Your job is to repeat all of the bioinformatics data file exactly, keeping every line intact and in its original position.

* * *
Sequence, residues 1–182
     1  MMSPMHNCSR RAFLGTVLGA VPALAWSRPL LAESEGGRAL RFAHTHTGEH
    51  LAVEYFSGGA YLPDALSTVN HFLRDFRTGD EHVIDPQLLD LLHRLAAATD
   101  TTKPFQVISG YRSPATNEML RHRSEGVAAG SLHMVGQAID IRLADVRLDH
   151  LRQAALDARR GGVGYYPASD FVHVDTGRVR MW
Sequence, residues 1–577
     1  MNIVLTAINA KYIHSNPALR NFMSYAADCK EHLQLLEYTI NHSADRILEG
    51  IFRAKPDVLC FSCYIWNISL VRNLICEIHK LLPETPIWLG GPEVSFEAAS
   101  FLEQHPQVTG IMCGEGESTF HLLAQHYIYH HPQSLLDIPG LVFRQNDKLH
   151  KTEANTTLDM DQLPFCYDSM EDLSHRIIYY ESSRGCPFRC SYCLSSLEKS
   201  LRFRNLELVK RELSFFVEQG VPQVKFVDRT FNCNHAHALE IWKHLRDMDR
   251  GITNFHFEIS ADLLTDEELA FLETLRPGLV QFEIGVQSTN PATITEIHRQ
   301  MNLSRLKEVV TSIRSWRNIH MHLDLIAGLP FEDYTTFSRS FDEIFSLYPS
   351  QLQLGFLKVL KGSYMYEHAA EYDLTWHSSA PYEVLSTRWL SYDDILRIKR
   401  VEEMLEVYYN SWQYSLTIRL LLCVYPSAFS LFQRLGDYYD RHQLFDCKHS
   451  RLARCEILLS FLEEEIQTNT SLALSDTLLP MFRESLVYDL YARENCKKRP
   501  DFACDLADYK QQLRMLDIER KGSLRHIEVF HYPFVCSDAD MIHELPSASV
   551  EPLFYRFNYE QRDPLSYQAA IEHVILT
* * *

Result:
Sequence, residues 1–182
     1  MMSPMHNCSR RAFLGTVLGA VPALAWSRPL LAESEGGRAL RFAHTHTGEH
    51  LAVEYFSGGA YLPDALSTVN HFLRDFRTGD EHVIDPQLLD LLHRLAAATD
   101  TTKPFQVISG YRSPATNEML RHRSEGVAAG SLHMVGQAID IRLADVRLDH
   151  LRQAALDARR GGVGYYPASD FVHVDTGRVR MW
Sequence, residues 1–577
     1  MNIVLTAINA KYIHSNPALR NFMSYAADCK EHLQLLEYTI NHSADRILEG
    51  IFRAKPDVLC FSCYIWNISL VRNLICEIHK LLPETPIWLG GPEVSFEAAS
   101  FLEQHPQVTG IMCGEGESTF HLLAQHYIYH HPQSLLDIPG LVFRQNDKLH
   151  KTEANTTLDM DQLPFCYDSM EDLSHRIIYY ESSRGCPFRC SYCLSSLEKS
   201  LRFRNLELVK RELSFFVEQG VPQVKFVDRT FNCNHAHALE IWKHLRDMDR
   251  GITNFHFEIS ADLLTDEELA FLETLRPGLV QFEIGVQSTN PATITEIHRQ
   301  MNLSRLKEVV TSIRSWRNIH MHLDLIAGLP FEDYTTFSRS FDEIFSLYPS
   351  QLQLGFLKVL KGSYMYEHAA EYDLTWHSSA PYEVLSTRWL SYDDILRIKR
   401  VEEMLEVYYN SWQYSLTIRL LLCVYPSAFS LFQRLGDYYD RHQLFDCKHS
   451  RLARCEILLS FLEEEIQTNT SLALSDTLLP MFRESLVYDL YARENCKKRP
   501  DFACDLADYK QQLRMLDIER KGSLRHIEVF HYPFVCSDAD MIHELPSASV
   551  EPLFYRFNYE QRDPLSYQAA IEHVILT